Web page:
A CAMPAIGN to make Milford Haven the first autism-friendly town in south west Wales drew an interested crowd at the Torch Theatre on July 6.

The bid, launched by the town’s Neighbourhood Policing Team (NPT), has already seen more than 30 local businesses and organisations sign up to improve their knowledge of autistic spectrum disorder (ASD).

They have completed an online course, which gives advice on how to make people across the spectrum feel more comfortable while out and about.

Dyfed-Powys Police force is also working to train all staff on the subject, to help improve the support on offer to those with ASD throughout the community.

At an official launch event at the Torch Theatre, charities, groups and organisations came together to see how the project is progressing, and share information, guidance and advice.

Superintendent Ian John said the police were often the “first and last port of call for people in crisis”, and so it was vital the force knew how to best help vulnerable people.

“Policing is all about being a part of the community,” he said.

“This is just the start of what we want to do.”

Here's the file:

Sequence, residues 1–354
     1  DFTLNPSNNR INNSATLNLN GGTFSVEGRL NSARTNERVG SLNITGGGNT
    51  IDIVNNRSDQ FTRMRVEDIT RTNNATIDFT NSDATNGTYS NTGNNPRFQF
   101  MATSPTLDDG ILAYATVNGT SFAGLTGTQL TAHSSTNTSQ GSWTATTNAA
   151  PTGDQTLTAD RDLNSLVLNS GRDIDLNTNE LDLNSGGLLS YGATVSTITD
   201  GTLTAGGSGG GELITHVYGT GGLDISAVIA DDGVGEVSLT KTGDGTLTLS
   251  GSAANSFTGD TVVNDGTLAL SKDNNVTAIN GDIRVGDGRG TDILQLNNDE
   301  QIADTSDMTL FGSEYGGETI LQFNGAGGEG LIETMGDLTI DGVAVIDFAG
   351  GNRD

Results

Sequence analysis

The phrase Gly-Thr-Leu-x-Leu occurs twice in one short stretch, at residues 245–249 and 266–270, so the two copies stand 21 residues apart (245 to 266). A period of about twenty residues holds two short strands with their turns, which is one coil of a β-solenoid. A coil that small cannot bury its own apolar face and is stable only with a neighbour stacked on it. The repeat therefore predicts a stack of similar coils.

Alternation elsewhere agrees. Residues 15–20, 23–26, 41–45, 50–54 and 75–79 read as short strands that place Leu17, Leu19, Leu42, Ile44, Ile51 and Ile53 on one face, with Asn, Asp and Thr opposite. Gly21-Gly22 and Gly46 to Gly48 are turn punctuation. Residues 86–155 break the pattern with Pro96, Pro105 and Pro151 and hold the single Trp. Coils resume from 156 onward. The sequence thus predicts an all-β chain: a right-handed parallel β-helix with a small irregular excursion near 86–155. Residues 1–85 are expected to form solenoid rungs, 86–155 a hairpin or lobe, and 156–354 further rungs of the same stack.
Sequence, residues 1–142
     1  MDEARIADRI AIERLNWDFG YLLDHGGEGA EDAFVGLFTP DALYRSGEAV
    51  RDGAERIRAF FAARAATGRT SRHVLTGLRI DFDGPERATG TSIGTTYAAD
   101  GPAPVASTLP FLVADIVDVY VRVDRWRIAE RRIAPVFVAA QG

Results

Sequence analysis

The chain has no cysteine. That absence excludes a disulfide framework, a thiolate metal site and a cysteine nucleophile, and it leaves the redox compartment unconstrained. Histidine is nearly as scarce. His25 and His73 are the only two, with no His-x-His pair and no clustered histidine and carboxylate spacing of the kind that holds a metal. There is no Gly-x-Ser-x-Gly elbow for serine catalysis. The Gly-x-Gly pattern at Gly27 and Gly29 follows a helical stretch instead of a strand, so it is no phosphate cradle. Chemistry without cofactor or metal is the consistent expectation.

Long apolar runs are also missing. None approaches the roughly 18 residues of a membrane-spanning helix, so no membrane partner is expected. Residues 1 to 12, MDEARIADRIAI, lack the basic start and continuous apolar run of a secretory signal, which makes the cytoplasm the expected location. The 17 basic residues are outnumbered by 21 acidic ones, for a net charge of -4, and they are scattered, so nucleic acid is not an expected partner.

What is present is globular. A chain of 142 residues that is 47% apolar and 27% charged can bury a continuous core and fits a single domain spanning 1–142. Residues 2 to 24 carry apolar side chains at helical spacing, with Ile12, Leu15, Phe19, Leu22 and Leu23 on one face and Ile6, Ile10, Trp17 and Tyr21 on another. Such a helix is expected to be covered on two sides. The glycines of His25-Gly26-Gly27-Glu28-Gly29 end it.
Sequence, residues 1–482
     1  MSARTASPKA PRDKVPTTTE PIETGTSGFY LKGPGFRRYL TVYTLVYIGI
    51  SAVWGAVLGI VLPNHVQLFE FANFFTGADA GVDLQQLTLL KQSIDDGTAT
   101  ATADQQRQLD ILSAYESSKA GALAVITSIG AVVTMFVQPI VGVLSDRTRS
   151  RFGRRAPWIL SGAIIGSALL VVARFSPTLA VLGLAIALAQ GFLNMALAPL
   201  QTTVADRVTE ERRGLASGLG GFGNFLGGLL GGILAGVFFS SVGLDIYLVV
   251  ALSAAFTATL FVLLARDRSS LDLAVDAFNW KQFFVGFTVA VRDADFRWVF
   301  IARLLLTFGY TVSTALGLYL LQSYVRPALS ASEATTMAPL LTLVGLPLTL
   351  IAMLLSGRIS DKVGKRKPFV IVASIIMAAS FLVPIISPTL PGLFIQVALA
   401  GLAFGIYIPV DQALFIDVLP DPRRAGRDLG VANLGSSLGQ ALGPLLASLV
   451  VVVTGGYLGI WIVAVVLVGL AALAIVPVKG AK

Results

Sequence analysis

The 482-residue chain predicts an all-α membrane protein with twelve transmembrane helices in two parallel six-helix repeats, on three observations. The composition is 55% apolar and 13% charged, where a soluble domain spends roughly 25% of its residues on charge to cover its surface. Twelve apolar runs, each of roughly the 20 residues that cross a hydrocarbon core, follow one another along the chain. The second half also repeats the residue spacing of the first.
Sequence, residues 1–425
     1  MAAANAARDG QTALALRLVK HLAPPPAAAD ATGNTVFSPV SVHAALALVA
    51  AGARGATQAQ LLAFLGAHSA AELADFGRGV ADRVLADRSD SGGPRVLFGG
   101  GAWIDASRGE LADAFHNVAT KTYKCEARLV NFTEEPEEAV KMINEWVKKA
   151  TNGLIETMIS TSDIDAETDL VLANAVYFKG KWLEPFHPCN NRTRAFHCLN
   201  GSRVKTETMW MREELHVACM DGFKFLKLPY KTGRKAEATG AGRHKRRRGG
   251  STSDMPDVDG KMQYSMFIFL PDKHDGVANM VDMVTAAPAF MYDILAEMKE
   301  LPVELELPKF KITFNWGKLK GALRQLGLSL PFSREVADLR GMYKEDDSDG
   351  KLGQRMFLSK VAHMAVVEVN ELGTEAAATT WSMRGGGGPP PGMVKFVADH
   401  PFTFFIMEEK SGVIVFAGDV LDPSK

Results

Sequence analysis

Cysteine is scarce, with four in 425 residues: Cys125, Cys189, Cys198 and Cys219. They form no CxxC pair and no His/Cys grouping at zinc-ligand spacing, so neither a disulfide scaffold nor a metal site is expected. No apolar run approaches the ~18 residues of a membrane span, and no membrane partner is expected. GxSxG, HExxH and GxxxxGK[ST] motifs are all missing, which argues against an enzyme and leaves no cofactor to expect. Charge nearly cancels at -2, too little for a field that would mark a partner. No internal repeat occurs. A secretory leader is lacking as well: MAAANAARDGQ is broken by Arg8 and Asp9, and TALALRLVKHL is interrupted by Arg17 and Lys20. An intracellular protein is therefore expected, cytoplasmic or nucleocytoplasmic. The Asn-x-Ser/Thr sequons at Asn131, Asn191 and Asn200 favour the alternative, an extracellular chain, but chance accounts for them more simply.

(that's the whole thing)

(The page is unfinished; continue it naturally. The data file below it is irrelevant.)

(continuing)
He said the people of Milford Haven should be “really proud” of throwing their support behind the campaign.

Frances Rees, west Wales ASD development officer, said raising awareness and acceptance of autism was important to “break down barriers” and avoid the stigma that many people - including their parents or carers - still experience.

Those gathered heard how autism affects around one in 100 people, but many adults remained undiagnosed.

By making everyone in a community more aware of what to look for, and how to help, those with ASD would be more able to get out into the town and live their lives to the full.

Members of Pembrokeshire People First, which works with adults with learning disabilities and ASD also spoke about their personal experiences, and how shop staff being polite and patient of their condition could help ease daily anxiety.

Also speaking at the event were mayor of Milford Haven Cllr Colin Sharp, and Police and Crime Commissioner for Dyfed-Powys Police Dafydd Llywelyn.